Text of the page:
Friday, May 25, 2012

The "Off" Season and David Foster Wallace

After St. George, I needed a vacation from myself. And I've spend the last few weeks generally absent. I'm still not sure what it will take to re-engage at this point, but I guess writing this blog is my attempt at a start.

In my absent time, I've been paying attention to things that might possess the ability to take my mind off the disappointing - or better, devastating - start to my tri season: reading, working, not logging into Facebook, reading, listening to music, working, reading, gardening, working... and mostly, just reading. For those of you I've not told, I've been reading ONE book. And I've been reading it for about two years. The same book. Did I mention it's been TWO years? I'm a slow reader.

The book is Infinite Jest by David Foster Wallace. I'm reading it because, time and again, THIS website analyzed my writing and said I write like David Foster Wallace.

Infinite Jest has almost one thousand pages and more than two hundred pages of footnotes.. oops, I mean "endnotes." The endnotes have footnotes. There are sentences that go on for six pages. Some go on for ten. Many chapters have the same title. Reading the physical book requires more than one bookmark. It barely fits in my carry-on luggage (in fact, ironically, it renders my carry-on luggage too heavy to carry on). For a while, I carried it around just to be able to say I was weight training.

Then I got the electronic version of the book. And I was able to finish almost 40 percent of it before the first year-and-a-half passed. Mostly because I didn't get lost or confused or tired from flipping back and forth.

I'm now on page 811. I have less than 200 pages to go and only two pages of footnotes - oops, I mean endnotes - left. And I fear that I'm beginning to know why David Foster Wallace "erased his own map" (so to speak). He was depressed. I can tell because he describes one of his character's depression better than any self-help book I've ever read (and I've read a lot of them). In Infinite Jest - ironically, a novel - D.F.W. nails the unexplainable better than non-fiction writers who try specifically to explain it. He clarifies the thing I find myself describing as: "something I can't explain, that you cannot possibly hope to understand unless you've been there."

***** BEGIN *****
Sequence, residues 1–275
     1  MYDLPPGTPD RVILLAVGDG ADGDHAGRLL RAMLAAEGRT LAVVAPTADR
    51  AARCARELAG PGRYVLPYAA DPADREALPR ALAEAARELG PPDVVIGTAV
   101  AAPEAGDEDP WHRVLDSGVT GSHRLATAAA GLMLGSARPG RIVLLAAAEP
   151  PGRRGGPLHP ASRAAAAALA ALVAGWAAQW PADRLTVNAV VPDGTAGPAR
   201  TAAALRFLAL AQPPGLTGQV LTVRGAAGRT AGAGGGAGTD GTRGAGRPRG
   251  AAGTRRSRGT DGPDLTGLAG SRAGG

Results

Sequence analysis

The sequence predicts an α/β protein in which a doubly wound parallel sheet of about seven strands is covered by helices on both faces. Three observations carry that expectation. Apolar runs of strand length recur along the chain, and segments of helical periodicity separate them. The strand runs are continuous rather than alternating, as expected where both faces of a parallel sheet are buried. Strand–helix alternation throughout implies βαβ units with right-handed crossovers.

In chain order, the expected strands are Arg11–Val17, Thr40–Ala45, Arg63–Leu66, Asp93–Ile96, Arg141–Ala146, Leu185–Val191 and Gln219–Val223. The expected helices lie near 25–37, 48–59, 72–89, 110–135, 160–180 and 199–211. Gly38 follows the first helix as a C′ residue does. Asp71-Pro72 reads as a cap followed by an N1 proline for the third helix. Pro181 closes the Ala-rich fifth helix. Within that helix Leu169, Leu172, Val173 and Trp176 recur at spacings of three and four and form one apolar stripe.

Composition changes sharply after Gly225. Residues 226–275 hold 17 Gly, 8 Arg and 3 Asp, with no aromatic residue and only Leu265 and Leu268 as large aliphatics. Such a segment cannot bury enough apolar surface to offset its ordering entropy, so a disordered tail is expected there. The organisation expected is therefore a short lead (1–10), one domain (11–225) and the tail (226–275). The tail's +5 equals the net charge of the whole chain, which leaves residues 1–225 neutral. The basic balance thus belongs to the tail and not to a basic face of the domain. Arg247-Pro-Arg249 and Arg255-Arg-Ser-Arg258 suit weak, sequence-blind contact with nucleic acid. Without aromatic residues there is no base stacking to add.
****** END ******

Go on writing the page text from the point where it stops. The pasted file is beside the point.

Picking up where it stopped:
Although that's not what the book is about.

Despite the fact that I'm enjoying Infinite Jest, part of my brain is worrying that this book has become a surrogate for all those things I've failed to finish. Like Ironman St. George. Is finishing this book the monumental task that I can use to prove to myself that I'm still tough? Still capable of suffering? (Did I mention it's already taken me two years?) The other part of my brain just wants a release from the suffering and beating myself up.

In the end, the one thing I'm sure of is that Infinite Jest is a book of irony. Not only within, the irony extends beyond its pages and spills out into my own realm. In fact, (spoiler alert) the book's title refers to a fictional film that renders the viewer catatonic with pleasure... which is, hilariously - and coincidentally, ironically - the exact reason why I've been reading it these past few weeks. To escape from myself. Infinite jest, indeed - because now the book, ironically, has brought me full circle - right back to what it feels like to be depressed.

Well played, D.F.W., well played.

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